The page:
Dhaka Courier

Magnifying the streams of inner thought


Tarek’s solo show at Galleri Kaya

Tarek Amin is one of the ardent printmakers who have been carefully practicing almost all sub-genres of prints. Each genre opens for him a new window where he gets a new flavour of thinking process. This is his first solo exposition, and justifiably quite important in the artist’s career. His works mainly plunge deep into woodcut, relief process, etching and aquatint, dry point and lithograph. Besides, he has produced a number of artworks in pen and ink, pencil and mixed media. His prints are considered to be pure realistic and his work zooms in on self-realisation, self-thinking processes and self-observation through himself. Some of his woodcuts also feature nubile women while a number of other prints demonstrate bucolic beauty. The belles truly represent the gracious beauty of Bengali women.

Most of Tarek’s woodcuts are engrossed with a single figure, which is himself in varied movements. His mode of expression is usually realistic, depicting particularly himself with different configurations. His works are suggestive of the human body. The artist often portrays human forms in both usual and unusual ways. His prime aim is to highlight the movements of human body and also to emphasise the inner struggle and torment of human beings. At times, his works have focused on figural movements and their significant articulations.

Tarek’s pet subjects include intimate relationships, personal perception and thinking process to scrutinise the inner pain, struggle and longing. He also keeps his eyes on the country’s socio-economic and political conditions which are very much connected to his woodcut prints and it can be easily said that his prints are truly the reflection of the society.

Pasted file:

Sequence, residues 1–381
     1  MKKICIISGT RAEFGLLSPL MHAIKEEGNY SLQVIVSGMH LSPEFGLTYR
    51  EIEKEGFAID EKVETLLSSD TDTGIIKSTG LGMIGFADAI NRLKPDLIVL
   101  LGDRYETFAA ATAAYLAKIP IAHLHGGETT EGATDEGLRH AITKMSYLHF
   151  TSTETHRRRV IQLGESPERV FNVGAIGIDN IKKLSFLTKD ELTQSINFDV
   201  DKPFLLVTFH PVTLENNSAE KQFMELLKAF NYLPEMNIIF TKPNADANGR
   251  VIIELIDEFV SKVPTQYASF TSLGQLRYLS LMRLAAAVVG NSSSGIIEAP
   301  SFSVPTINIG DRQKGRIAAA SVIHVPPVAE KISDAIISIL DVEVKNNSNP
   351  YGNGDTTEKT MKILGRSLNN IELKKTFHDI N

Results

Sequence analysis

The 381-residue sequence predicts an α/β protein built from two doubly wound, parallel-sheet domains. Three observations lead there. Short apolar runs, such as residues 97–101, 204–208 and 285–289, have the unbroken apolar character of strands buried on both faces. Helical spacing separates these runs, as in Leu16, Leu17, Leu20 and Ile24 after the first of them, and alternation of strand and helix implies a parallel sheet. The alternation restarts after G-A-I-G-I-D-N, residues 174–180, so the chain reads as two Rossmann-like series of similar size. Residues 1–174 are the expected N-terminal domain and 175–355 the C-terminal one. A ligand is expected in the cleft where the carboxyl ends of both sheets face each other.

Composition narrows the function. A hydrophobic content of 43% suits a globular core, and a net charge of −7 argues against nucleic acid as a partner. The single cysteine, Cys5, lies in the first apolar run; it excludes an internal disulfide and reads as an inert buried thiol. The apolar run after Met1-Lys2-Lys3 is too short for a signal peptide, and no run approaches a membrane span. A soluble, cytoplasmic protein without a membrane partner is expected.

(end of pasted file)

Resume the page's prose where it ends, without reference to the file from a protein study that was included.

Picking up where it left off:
The background of most of his compositions is occupied by delightful hues and soft tones. Throughout his career, Tarek has concentrated on a very limited theme. His mode of expression is figurative expressionism and at times he etched light and forms through the approach of realism. Light and shade superbly interplay into his prints and he cautiously keeps a balance between figure and overall composition. It’s very difficult to maintain the balance between both of the ingredients. Most of all, his prints are technique oriented and have a great touch of aestheticism. His deep understanding of the medium (woodcut) and his great zeal for the theme always assists him to create something mind-boggling and alluring. His prints look neat and clean, and always avoid ornamentation.

Tarek’s has acute aptitude to draw the philosophical aspects of nature. Losing himself in the natural world, the artist frequently takes themes from this affluent source and plays with shades and hues on paper. He has used quiet tones where pastoral’s socio-economic and cultural structures have been highlighted. Some of his drawings are study-based and the themes as well as techniques are closely connected to realistic and impressionistic styles.

  • Magnifying the streams of inner thought
  • Vol 36
  • Issue 36
  • Takir Hossain
  • DhakaCourier

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